Humility in Criticizing, Rabbi Asher Lopatin

Dear Friends,

On this week of Tish’a B’av, I want to write in a different tone. Yes, I do believe firmly in working on Kiddush Hashem, and avoiding Chilul Hashem. I said my piece last week. This time I want to apologize to anyone I might have hurt by the tone of my message. In writing this blog, sometimes I fall into the trap of being sensational and YELLING my point. But I understand, that especially when being critical of my brothers and sisters, I need to be humble and modest , avoiding any sarcasm and certainly not relishing in critique. The truth is that if the message is right and true, it will get heard without being “in your face” and sensational. I was happy that my ideas were picked up by many different outlets, but I feel that since it was a message of rebuke, tocheicha, I need to work harder to make sure not to feel even one shemetz – one iota – of satisfaction of taking on a community and its leadership. I just hope that despite just being a small pulpit rabbi in Chicago, people are listening. And I thank the Los Angeles Jewish Journal for hosting our blog, as well as Vos Iz Neis for picking up these blogs over the past week.
At the same time, I am gratified that beyond the issues of Hilul Hashem and Kiddush Hashem, the invitation to Me’ah She’arim from USA Yated Neeman editor Rabbi Pinchas Lipschutz was sincere, and we have been in touch, and I look forward to meeting with him, and eventually being in Me’ah She’arim together. This is a new relationship with a leader in the Yeshivishe world that I hope to foster, and I am grateful for it.
Moreover, from the idea of the invitation to Me’ah She’arim, I am working on an Achdus Mission to Israel. The mission should include rabbis from the spectrum of Orthodoxy, and should visit institutions and communities in Israel from the spectrum of Orthodoxy: from those in Me’ah She’arim to those in the Old City to those outside and part of Modern Orthodoxy in Israel. There have been a lot of emails of people excited about joining such a mission, and while it seems like it will be a challenge, I believe it is doable.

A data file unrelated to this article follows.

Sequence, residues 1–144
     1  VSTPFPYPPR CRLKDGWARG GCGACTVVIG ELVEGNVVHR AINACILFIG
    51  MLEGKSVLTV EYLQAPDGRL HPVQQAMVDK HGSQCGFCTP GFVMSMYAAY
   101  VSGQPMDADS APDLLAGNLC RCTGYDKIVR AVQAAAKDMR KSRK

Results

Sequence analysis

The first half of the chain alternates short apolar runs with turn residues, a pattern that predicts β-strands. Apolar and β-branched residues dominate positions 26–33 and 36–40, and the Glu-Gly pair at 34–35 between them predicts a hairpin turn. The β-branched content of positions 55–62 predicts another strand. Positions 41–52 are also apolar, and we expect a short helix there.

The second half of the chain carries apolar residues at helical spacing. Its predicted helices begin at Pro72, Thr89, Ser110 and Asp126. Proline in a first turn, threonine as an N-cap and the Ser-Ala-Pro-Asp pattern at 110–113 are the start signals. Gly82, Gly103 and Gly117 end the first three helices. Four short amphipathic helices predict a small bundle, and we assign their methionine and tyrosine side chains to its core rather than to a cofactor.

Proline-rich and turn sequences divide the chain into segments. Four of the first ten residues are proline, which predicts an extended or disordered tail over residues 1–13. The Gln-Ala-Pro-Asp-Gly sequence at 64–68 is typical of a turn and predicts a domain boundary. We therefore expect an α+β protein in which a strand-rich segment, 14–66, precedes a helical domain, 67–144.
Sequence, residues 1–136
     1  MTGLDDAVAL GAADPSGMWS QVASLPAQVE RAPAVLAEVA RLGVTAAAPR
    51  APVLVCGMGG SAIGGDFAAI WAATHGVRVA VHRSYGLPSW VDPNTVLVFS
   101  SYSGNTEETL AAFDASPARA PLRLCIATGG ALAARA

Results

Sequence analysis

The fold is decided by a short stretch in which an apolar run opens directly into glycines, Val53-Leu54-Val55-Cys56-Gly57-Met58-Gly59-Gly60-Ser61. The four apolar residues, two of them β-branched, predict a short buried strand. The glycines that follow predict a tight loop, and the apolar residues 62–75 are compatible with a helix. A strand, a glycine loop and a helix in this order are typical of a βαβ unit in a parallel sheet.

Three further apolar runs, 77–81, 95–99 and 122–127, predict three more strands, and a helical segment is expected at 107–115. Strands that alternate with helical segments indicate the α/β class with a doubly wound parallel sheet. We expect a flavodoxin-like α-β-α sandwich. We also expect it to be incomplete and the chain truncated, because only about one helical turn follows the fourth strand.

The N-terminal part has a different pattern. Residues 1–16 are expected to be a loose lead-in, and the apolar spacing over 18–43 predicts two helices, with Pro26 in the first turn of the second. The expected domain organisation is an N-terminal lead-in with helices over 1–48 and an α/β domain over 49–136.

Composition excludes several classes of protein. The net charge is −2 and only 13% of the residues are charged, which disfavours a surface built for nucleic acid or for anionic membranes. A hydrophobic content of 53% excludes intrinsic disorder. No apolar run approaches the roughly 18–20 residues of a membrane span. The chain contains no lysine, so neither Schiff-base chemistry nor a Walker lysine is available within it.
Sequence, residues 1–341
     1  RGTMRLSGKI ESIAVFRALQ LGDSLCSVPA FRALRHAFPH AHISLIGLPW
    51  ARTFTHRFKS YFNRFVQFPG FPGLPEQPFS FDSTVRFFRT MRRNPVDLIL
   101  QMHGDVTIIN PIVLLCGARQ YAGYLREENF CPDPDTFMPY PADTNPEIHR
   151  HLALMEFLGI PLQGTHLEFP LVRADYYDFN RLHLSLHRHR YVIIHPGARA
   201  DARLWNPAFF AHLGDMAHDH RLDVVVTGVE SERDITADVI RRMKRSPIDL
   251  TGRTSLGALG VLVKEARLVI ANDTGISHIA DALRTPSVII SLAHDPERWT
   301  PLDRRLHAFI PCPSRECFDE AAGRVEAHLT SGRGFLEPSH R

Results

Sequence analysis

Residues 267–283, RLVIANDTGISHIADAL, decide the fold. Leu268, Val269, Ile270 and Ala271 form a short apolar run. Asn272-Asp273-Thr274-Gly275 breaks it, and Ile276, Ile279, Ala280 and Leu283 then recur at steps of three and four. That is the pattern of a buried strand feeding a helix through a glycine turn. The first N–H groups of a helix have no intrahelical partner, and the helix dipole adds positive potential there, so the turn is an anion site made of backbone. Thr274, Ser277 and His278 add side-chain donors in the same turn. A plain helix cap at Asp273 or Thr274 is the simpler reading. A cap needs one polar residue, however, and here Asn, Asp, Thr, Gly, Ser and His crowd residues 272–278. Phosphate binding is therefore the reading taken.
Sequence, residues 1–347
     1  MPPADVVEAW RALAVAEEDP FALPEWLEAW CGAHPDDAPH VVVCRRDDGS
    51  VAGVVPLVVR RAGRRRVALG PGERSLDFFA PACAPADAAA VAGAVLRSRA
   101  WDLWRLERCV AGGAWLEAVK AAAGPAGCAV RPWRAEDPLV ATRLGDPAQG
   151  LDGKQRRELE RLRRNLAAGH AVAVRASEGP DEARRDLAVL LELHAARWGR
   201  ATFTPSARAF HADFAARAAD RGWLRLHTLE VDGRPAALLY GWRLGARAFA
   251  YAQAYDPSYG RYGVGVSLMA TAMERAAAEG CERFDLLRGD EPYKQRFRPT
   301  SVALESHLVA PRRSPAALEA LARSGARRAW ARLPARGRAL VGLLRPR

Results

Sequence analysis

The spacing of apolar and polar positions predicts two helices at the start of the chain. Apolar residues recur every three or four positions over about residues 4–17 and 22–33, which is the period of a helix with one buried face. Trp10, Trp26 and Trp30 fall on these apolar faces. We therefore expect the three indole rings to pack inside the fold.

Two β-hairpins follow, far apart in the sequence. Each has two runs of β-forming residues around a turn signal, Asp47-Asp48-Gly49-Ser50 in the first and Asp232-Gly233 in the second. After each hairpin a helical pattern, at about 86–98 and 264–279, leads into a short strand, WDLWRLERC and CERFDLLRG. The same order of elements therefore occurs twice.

On the background of all the apparent Hillul Hashem of the past weeks and months – of course we don’t know who is guilty of what and to what extent and the circumstances that led to their alleged actions – I call for all of us to come together. I know Rav Yosef called for unity of all Jews committed to Judaism, and I agree with that as well, maybe we at Morethodoxy can be a catalyst to bring Orthodoxy together and to show that world that as much as we disagree vehemently, we can come together in mutual respect, and work toward the mutual good of Torah, Shem Hashem and Am Yisrael.
Perhaps, with God’s help, we are moving in the right direction as we head for the sad time when we Jews all over the world will sit together on the floor and try to find a way of “renewing our days as of old”.
May this Tish’a B’av move us to a time where there won’t be any more mourning for our People, a time of appreciating for each other which we all deserve.
Asher Lopatin

5 Responses to Humility in Criticizing, Rabbi Asher Lopatin

  1. Anonymous says:

    Is there a reason that the proposed Achdus Mission is limited to *Orthodox* rabbis?

  2. Anonymous says:

    Is there a reason why the proposed Achdus Mission will only include *Orthodox* rabbis?

  3. Anonymous says:

    Are you going to ask the Yated editor to reconsider his opinion on Chovevei Torah?😉

  4. Anonymous says:

    Are you going to ask the Yated editor to reconsider his opinion on Chovevei Torah?😉

  5. Shades of Gray says:

    “The truth is that if the message is right and true, it will get heard without being “in your face” and sensational.

    This is true and something to think about.

    I hope that something positive comes from your meeting with R. Lipschutz. There is unfortunately so much negative news around, that *everyone*–all groups– need something positive.

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